Switzerland breaks historic neutrality, adopts economic sanctions against Russia

The country famous for its commitment to neutrality is taking a number of actions against Russia, including sanctions targeting individuals and companies, closing its airspace to flights from Russia and sending relief supplies to Poland.

Switzerland breaks historic neutrality, adopts economic sanctions against Russia
Wally Gobetz/Creative Commons
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Switzerland’s Federal Council is adopting the European Union’s sanctions against Russia, breaking its historical neutral status over the Ukraine invasion.

In a statement on Monday, the Federal Council said it would adopt sanctions against Russia, effective immediately, matching those of the European Union, of which Switzerland is not a member.

The sanctions will target various Russian companies and individuals involved in the war effort, including freezing the personal assets of President Vladimir Putin, Prime Minister Mikhail Mishustin and Foreign Minister Sergey Lavrov.

In addition, the council said it will close its airspace to all flights from Russia and “all movements on aircraft with Russian markings.” Those understood to be close to the Russian president will also be banned from entering Switzerland.

Additionally, Switzerland intends to send relief supplies to Poland to help with settling Ukrainian refugees.

The traditionally neutral country says it will implement the sanctions in coordination with the EU, noting that these were “primarily goods and financial sanctions.”

The sanctions will take “immediate effect,” the council stated.

“In so doing, Switzerland is responding to the serious violations of international law for which these individuals are responsible,” it said.

The announcement comes as Russia’s mission in Geneva announced that Lavrov was forced to cancel his trip to the United Nations Human Rights Council due to the anti-Russian sanctions imposed by the European Union. He was scheduled to travel to Switzerland on Tuesday to address the U.N.

According to Swiss Justice Minister Karin Keller-Sutter, five oligarchs close to Putin, who had strong ties to Switzerland, have been banned from entering the country.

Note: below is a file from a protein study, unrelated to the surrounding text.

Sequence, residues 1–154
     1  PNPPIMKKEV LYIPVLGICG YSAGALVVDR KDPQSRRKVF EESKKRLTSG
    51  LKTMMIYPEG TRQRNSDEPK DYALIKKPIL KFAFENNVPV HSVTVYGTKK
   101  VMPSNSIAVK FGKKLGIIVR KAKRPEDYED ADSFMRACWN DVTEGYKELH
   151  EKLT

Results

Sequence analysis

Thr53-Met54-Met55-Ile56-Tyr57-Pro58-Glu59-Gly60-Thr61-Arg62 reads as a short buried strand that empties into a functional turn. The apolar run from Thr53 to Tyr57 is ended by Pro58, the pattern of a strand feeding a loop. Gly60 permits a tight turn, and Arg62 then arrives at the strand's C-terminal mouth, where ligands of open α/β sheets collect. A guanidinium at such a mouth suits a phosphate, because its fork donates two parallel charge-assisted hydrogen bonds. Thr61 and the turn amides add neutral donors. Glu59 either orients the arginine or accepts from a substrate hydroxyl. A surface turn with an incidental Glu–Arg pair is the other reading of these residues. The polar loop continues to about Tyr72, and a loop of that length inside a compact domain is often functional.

The council in Bern said it decided to partially suspend a 2009 visa facilitation for Russian nationals. However, holders of diplomatic passports will still be able to enter Switzerland without a visa.

Although Switzerland is mirroring existing sanctions imposed by the EU on Russia, the Swiss government says it will assess any further sanctions “on a case by case basis.”

The decision by the Swiss government to sanction Russia was welcomed by the European Union.

EU foreign policy chief Josep Borrell praised the move calling it “very good news” that Switzerland will “fight against corruption and the dark money... of the oligarchs who support Putin and who are being targeted by sanctions.”

“Without the participation of Switzerland, our measures would have been not as effective as needed,” he said.

As detailed by Barrons, Russia only ranks 23rd on Switzerland’s list of trading partners, but the country’s banks are often favored by Russia’s elite.

According to statistics from the Bank for International Settlements, Swiss banks had in the third quarter last year some $23 billion in Russian holdings, mostly from deposits.

The majority of Russia's oil business passes through Switzerland, while its cereals and metals are also traded in Geneva.

Before shifting its approach, Bern said it had carefully considered “Switzerland's neutrality and peace policy considerations,” but that “Russia's unprecedented military attack on a sovereign European country was the deciding factor.”

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